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Why do private clubs need strategy?

Q: Why do private clubs need strategy?

A: Roughly half of America’s private clubs operate with a strategic plan, according to a 2014 National Golf Foundation study of private clubs. Among the 32 percent of clubs surveyed that defined themselves as “financially sound,” nearly three-in-four (73%) depend on a strategic plan. The top performers use strategy to guide the board.

Properly drawn strategy identifies and defines the club’s strategic goals and objectives. The first question most experienced club managers ask is “What do we want to achieve?” The answer is found in the board’s goals and objectives. When the club has no destination, one road is as good as another.

Three of the most significant responsibilities of a board of directors are to govern effectively, plan and focus strategically, and manage the balance sheet. These are strategic responsibilities. Immediately after the “big three” are fiduciary duties involving care and loyalty to the benefit of those served (club members). Good strategy ensures that the club’s leaders attend to these responsibilities faithfully and consistently as a matter of sound governance.

A reliable strategic plan consists of several key elements: mission, vision, core values, goals and objectives and business risk are always on the short-list. Market analysis, financial planning, organized management and governance planning are also essential to good strategy. So is a balanced and objective understanding of the competitive landscape, which is a part of a thorough market analysis.

Most club leaders get bogged down in formulating mission and vision statements. It is good to remember that the mission statement describes what the club is and does. A vision statement describes what the club stands for and represents. In developing strategy for private clubs, beginning with broadly shared goals and objectives helps initiate the strategic planning process.

Servant leaders—be they club managers or board members— are motivated to do things. Often, these directors begin discussing strategy and then stumble into problem solving, which is tactics. Therefore, best practices suggest that board members focus on governance, strategy and the balance sheet.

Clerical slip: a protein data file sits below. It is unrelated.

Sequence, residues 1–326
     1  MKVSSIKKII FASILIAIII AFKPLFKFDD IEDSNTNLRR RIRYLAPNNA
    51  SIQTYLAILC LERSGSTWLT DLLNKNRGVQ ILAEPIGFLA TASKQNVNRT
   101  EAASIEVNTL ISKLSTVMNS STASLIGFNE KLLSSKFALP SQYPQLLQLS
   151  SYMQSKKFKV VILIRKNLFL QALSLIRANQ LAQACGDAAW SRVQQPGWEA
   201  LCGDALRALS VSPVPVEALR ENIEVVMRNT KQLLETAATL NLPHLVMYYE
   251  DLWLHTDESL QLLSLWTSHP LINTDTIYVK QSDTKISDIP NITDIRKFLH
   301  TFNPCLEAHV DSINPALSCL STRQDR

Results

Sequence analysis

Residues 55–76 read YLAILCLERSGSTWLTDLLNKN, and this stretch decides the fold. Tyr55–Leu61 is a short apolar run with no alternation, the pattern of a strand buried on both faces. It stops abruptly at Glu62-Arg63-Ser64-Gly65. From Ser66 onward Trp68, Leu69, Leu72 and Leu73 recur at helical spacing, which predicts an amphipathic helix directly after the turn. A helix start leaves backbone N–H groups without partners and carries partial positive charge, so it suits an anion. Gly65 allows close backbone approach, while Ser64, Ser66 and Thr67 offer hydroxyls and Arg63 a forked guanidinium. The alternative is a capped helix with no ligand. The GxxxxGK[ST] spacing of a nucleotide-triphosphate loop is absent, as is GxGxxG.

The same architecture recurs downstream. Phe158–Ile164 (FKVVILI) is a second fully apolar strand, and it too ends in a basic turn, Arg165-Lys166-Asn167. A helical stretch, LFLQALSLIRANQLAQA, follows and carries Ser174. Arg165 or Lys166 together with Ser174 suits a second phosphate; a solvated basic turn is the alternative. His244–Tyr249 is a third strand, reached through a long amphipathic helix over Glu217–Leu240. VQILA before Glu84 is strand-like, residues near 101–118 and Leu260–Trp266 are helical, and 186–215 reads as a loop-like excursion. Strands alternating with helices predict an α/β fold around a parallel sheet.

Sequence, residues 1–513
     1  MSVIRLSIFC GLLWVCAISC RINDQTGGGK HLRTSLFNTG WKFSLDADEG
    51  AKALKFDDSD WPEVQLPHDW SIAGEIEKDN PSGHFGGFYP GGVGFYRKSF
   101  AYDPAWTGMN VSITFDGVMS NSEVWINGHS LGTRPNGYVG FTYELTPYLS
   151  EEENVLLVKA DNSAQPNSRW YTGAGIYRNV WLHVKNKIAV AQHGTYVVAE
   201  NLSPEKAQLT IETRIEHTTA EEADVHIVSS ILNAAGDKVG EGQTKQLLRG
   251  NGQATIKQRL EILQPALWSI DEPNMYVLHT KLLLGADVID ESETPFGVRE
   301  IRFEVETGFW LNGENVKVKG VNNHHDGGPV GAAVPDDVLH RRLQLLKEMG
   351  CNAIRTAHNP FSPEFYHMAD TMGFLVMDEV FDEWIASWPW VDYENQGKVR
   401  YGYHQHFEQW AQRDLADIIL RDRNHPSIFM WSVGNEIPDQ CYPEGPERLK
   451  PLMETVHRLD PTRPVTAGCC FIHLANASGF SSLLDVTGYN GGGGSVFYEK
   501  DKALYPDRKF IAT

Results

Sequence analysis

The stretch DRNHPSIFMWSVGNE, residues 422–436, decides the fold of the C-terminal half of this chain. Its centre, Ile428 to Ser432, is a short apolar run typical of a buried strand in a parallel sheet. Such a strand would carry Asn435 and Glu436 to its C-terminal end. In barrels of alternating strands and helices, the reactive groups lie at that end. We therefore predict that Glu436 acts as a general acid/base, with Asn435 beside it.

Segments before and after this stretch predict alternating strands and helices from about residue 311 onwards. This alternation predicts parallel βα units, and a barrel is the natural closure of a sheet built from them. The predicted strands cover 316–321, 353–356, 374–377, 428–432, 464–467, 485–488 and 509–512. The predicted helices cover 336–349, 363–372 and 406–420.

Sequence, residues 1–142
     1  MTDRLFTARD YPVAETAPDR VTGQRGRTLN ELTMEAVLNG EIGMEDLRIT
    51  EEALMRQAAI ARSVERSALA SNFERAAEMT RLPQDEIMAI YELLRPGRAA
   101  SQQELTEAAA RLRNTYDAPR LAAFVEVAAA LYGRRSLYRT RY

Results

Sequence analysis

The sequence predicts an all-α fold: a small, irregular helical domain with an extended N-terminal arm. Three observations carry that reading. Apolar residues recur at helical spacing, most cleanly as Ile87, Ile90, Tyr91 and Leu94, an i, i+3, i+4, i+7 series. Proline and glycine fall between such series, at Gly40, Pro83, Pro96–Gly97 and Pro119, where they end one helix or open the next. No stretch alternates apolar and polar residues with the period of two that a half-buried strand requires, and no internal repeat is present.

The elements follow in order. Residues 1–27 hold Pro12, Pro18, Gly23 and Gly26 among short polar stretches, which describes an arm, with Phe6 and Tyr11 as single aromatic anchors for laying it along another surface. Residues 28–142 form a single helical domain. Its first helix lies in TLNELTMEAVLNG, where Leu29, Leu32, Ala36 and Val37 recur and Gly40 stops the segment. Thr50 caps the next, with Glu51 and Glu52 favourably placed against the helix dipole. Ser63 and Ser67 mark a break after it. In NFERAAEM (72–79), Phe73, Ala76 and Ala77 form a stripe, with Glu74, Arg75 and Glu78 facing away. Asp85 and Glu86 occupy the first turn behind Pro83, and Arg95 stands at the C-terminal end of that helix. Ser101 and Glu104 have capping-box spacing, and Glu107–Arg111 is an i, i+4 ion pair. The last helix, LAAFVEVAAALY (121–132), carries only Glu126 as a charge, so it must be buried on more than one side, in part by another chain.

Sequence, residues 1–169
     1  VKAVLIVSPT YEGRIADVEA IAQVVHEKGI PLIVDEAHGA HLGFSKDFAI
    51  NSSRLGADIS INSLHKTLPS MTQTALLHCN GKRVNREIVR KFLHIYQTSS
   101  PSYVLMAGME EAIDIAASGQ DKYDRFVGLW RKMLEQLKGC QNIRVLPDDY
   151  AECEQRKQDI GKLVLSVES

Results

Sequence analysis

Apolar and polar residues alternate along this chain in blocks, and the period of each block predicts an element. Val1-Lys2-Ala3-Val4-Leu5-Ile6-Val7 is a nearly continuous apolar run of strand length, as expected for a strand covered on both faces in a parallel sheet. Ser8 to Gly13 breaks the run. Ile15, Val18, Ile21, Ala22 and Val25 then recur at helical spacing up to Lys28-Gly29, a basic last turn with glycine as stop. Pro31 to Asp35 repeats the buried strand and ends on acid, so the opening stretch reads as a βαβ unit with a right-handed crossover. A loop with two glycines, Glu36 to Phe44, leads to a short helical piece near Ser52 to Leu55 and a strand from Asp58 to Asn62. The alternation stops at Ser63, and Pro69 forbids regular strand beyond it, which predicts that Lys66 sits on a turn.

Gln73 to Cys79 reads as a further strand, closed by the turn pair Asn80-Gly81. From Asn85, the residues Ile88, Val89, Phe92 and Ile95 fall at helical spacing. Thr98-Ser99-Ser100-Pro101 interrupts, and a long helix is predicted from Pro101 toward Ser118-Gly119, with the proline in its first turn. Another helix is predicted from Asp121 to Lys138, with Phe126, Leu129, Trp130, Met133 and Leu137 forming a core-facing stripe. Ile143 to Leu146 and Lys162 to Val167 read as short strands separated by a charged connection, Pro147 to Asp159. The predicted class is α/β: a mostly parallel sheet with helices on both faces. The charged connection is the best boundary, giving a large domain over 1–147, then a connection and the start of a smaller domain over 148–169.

Solving operational problems and implementing tactical solutions is the general manager’s duty. He or she is obligated to identify, address and resolve operational matters in the course of business. Doing so helps the board maintain its focus on strategy. “We’re a private club, for goodness’ sake, this is not some corporation!”

Following are several strategic issues that should be in the crosshairs for most private club boards:

  1. How does the club sustain membership participation and engagement? These factors are measured in membership growth and retention.
  2. How are changing market conditions impacting or threatening the current and future economic security of the club?
  3. What economic needs must be addressed in order to sustain the club with current facilities, programs and business practices?
  4. How will the club fund its future capital replacement and improvement needs?
  5. What will the club be and do in five years?

 Why does the club need a strategic plan? The club is a corporation and the people who serve on its board are obligated to see that it functions like a business—to the extent expected and required by the club’s members.

Henry DeLozier is a principal at Global Golf Advisors, a Legacy Alliance Partner of the National Club Association. GGA serves club management professionals from offices in Toronto, Phoenix and Dublin (IR). He can be reached at [email protected] or visit